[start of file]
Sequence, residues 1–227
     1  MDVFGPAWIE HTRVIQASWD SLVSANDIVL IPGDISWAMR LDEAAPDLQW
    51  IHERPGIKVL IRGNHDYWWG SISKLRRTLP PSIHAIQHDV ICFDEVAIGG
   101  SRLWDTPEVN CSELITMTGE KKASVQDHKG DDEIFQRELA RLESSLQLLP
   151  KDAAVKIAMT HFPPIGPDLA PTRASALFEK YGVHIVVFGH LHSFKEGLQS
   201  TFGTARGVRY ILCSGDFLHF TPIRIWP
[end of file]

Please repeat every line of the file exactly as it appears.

Sequence, residues 1–227
     1  MDVFGPAWIE HTRVIQASWD SLVSANDIVL IPGDISWAMR LDEAAPDLQW
    51  IHERPGIKVL IRGNHDYWWG SISKLRRTLP PSIHAIQHDV ICFDEVAIGG
   101  SRLWDTPEVN CSELITMTGE KKASVQDHKG DDEIFQRELA RLESSLQLLP
   151  KDAAVKIAMT HFPPIGPDLA PTRASALFEK YGVHIVVFGH LHSFKEGLQS
   201  TFGTARGVRY ILCSGDFLHF TPIRIWP